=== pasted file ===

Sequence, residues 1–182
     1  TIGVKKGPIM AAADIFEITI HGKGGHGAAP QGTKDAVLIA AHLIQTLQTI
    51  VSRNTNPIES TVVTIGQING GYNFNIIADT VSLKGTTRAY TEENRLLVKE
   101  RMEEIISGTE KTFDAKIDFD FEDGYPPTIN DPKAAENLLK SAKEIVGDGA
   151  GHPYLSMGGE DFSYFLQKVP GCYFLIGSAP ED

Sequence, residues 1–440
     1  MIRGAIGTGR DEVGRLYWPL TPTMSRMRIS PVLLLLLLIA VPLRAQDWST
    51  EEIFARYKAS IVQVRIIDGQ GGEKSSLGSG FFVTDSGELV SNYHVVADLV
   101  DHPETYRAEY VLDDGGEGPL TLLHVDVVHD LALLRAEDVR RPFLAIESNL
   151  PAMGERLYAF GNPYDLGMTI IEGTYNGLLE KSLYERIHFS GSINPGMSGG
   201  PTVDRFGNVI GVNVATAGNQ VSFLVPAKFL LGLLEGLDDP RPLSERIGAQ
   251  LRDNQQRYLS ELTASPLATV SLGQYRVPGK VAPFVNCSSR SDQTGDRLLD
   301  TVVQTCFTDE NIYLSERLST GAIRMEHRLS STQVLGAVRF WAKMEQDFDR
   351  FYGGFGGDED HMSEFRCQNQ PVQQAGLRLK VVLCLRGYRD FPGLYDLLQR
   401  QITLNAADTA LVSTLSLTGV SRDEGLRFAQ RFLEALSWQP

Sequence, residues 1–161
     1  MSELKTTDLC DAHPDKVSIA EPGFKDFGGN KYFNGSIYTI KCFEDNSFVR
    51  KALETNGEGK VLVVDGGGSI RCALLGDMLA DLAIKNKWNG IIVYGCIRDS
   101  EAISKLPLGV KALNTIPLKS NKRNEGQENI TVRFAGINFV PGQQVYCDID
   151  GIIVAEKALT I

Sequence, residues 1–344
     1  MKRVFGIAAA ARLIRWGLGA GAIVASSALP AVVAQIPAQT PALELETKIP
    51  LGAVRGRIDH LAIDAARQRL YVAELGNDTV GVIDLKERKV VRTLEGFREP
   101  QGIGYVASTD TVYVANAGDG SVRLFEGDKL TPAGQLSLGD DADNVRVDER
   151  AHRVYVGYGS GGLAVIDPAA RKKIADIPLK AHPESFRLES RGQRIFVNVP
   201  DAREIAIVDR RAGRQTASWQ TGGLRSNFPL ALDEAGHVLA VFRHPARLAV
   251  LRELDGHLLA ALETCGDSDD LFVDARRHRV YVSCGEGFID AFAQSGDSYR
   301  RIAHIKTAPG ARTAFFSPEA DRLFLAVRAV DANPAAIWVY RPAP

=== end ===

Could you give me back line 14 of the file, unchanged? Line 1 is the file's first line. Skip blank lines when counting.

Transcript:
   351  FYGGFGGDED HMSEFRCQNQ PVQQAGLRLK VVLCLRGYRD FPGLYDLLQR